wed 19/06/2024

Album: Duran Duran - Danse Macabre | reviews, news & interviews

Album: Duran Duran - Danse Macabre

Album: Duran Duran - Danse Macabre

New Romantic veterans’ Halloween album is a throwaway oddity

Danse Macabre: a bit of a horror

Simon Le Bon has described Duran Duran’s new album as being “about a crazy Halloween party” that is “supposed to be fun”. In fact, it’s a fair bit thinner than even that might suggest.

Danse Macabre consists of mainly inadvisable cover versions of tunes by the likes of the Specials and Billie Eilish, a handful of reinterpretations of some of their old album tracks and three uninspiring new songs, written especially for this project. So, anyone expecting a reworked film soundtrack to The Texas Chain Saw Massacre might be advised to lower their expectations to something closer to an alternative accompaniment to Adams Family Values.

Things kick off with a reworked version of “Nightboat”, with added “spooky” comedy-horror film tropes that fall very short of the sounds of the Creatures of the Night. Hopes are raised slightly with the funk-driven “Black Moonlight”, which is powered by John Taylor’s hefty bass riff, and a mash up of their own “Lonely in Your Nightmare” with Rick James’ “Super Freak”. It’s all a bit of a flash in the pan though and the otherwise unremarkable title track even has Vanilla Ice-calibre rapping on it – which is unfortunately not even the worst thing here. That prize goes to a musical theatre-style take on the Rolling Stones’ “Paint It Black”, which would even have Michael Crawford backing away in shame.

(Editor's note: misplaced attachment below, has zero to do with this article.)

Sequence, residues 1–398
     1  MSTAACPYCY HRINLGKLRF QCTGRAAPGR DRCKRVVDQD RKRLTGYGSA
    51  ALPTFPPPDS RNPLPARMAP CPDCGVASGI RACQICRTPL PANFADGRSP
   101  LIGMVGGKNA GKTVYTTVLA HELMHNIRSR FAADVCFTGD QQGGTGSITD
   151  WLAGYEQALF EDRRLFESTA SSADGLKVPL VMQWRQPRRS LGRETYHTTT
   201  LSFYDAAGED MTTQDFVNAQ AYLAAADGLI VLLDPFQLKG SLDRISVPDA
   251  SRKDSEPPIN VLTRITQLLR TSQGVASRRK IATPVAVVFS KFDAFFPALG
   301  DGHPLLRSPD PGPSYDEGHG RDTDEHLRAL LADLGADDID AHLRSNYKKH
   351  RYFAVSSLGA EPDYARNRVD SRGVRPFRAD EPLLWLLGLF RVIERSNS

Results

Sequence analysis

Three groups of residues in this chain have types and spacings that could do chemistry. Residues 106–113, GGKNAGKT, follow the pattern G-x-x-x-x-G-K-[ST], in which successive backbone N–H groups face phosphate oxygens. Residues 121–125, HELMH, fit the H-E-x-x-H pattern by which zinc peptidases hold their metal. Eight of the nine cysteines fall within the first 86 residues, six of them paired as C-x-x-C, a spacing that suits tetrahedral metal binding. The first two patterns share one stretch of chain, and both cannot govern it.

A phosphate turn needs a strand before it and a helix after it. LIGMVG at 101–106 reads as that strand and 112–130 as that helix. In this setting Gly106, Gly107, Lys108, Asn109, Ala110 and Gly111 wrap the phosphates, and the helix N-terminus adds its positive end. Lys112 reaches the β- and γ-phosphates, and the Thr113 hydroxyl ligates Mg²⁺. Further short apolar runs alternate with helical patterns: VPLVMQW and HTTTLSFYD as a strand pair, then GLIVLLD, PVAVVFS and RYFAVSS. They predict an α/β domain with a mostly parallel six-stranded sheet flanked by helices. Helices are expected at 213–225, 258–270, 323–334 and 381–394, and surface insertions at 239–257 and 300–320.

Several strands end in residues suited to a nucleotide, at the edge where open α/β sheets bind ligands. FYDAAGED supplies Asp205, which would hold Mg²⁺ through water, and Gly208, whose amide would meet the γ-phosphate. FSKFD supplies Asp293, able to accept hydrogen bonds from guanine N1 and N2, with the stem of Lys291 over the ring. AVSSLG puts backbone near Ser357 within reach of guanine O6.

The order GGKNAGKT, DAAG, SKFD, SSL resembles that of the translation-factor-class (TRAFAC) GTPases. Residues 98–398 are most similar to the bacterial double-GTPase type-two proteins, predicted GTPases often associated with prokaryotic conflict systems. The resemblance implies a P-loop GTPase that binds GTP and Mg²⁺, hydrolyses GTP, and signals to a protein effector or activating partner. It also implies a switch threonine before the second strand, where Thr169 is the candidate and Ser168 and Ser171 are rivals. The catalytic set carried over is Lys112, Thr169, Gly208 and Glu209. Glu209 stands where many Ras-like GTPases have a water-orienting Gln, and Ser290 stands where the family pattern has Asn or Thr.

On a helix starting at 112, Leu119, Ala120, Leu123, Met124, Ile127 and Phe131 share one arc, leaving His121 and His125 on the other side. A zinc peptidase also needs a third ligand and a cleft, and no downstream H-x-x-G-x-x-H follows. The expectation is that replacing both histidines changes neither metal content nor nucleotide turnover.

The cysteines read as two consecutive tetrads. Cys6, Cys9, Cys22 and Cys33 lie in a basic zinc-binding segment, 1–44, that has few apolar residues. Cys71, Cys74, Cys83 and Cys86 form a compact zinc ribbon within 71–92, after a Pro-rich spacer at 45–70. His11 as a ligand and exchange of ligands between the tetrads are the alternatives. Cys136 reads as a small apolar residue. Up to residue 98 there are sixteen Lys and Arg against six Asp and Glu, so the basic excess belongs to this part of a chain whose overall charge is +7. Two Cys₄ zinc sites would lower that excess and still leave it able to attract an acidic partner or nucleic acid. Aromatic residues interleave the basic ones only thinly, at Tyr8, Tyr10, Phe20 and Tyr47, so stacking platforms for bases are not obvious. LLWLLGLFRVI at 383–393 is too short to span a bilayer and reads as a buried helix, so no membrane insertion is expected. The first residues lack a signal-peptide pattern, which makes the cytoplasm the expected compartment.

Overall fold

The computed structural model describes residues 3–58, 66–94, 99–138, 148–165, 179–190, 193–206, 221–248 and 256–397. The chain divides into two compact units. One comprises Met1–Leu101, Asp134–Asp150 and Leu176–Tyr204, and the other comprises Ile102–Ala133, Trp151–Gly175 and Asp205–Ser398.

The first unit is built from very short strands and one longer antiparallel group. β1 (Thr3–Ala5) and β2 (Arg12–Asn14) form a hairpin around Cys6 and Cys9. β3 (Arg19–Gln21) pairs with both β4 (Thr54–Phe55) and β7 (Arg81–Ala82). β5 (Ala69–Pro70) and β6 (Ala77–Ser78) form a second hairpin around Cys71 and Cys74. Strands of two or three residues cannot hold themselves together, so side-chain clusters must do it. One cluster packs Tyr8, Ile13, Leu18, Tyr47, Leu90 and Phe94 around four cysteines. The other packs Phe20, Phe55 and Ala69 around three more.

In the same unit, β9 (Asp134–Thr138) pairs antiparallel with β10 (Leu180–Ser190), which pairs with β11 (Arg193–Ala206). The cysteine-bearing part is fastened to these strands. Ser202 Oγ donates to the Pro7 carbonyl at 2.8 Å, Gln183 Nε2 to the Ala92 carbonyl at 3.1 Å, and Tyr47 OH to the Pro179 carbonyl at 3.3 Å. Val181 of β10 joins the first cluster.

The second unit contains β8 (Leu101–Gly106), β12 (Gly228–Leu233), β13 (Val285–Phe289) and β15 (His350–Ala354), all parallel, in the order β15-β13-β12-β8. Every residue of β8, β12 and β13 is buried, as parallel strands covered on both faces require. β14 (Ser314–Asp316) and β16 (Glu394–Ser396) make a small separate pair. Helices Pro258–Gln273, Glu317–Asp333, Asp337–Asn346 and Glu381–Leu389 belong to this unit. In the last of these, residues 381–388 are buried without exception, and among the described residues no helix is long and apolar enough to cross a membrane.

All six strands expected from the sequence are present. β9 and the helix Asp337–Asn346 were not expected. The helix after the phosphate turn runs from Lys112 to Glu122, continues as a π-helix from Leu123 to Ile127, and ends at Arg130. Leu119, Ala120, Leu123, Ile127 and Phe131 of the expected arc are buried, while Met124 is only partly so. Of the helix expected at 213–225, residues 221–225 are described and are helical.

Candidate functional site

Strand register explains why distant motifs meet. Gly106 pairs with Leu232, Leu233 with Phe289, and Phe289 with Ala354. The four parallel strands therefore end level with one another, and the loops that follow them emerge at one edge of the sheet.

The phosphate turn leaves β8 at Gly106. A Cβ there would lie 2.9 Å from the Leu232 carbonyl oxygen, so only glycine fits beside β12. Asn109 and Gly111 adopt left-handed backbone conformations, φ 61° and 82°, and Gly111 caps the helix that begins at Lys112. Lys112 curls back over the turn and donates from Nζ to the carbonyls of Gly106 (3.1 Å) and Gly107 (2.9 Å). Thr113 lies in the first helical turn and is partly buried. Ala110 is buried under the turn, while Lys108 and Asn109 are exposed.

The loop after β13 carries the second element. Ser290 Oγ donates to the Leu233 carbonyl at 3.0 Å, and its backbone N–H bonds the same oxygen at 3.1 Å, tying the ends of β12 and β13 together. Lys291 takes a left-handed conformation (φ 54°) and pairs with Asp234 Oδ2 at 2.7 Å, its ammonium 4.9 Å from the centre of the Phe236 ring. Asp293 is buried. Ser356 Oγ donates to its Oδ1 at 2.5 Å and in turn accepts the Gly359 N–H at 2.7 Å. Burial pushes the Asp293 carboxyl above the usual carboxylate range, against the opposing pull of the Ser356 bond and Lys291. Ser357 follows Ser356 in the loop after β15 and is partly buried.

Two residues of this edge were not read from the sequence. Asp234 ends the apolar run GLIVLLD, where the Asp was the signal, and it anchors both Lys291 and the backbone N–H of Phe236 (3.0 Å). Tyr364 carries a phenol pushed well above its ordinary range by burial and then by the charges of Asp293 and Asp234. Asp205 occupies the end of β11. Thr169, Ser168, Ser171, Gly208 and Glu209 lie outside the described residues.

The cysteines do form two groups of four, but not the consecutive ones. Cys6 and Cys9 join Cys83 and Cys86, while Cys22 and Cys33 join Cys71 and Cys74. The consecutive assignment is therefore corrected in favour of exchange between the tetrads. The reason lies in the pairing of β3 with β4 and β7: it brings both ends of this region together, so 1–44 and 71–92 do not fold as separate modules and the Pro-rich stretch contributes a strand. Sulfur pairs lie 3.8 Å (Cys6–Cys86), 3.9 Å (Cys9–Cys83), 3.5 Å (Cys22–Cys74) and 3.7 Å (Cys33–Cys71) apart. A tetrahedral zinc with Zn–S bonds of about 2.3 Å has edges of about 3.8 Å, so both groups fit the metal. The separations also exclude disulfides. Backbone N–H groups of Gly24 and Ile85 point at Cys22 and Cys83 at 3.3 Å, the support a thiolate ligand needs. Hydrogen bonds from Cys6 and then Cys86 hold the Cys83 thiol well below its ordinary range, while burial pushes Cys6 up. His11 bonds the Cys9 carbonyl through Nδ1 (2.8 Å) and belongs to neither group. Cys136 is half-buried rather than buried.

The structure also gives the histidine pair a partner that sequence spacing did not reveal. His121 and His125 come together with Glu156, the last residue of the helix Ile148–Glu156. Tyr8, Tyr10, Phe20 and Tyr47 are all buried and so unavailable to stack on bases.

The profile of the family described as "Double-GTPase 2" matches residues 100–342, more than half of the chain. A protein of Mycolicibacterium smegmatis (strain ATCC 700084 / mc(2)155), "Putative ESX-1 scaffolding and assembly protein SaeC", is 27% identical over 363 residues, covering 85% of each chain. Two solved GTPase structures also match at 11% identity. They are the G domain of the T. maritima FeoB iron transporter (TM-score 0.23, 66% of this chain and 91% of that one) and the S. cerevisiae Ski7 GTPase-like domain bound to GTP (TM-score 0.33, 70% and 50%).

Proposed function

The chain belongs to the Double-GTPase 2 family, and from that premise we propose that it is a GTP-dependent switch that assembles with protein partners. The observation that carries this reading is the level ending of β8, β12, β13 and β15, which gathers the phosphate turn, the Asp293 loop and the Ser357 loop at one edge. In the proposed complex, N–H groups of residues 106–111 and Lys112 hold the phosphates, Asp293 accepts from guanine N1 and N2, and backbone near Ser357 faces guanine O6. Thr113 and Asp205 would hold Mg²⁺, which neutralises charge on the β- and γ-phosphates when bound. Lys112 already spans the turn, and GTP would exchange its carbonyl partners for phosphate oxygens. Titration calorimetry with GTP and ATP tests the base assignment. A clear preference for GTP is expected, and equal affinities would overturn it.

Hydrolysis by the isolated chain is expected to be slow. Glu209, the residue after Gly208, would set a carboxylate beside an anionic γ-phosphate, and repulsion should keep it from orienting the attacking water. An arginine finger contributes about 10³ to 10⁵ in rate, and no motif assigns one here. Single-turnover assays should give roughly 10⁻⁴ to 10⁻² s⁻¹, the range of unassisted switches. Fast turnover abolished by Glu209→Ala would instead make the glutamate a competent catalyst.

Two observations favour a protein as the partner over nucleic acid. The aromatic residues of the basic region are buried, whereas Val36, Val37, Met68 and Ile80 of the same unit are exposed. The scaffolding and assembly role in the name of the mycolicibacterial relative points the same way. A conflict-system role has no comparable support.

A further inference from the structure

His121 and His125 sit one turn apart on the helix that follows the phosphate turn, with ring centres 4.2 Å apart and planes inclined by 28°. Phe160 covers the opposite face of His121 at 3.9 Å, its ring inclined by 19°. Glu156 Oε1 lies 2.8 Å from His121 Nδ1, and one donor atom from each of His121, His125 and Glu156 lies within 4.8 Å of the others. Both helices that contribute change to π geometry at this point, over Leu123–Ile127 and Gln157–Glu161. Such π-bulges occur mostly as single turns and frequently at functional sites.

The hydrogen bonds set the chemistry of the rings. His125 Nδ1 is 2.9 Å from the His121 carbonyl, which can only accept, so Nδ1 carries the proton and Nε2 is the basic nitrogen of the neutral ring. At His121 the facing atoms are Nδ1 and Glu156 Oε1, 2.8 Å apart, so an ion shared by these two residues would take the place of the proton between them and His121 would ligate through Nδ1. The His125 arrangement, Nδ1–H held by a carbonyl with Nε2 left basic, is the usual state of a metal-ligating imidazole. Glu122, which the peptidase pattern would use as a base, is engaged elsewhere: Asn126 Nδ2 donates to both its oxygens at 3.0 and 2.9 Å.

That said, Danse Macabre isn’t a complete musical horror show. The covers of Siouxsie and the Banshees’ “Spellbound” and Talking Heads’ “Psycho Killer” are stand out tunes that could easily compete for space in Duran Duran’s current live setlist. Only being able to salvage enough decent material to fill two sides of a 7” single from a whole album that features guest appearances from former band members Andy Taylor and Warren Cuccurullo, as well as the legendary Nile Rodgers, is mightily disappointing though.

Anyone expecting a reworked film soundtrack to The Texas Chain Saw Massacre might be advised to lower their expectations

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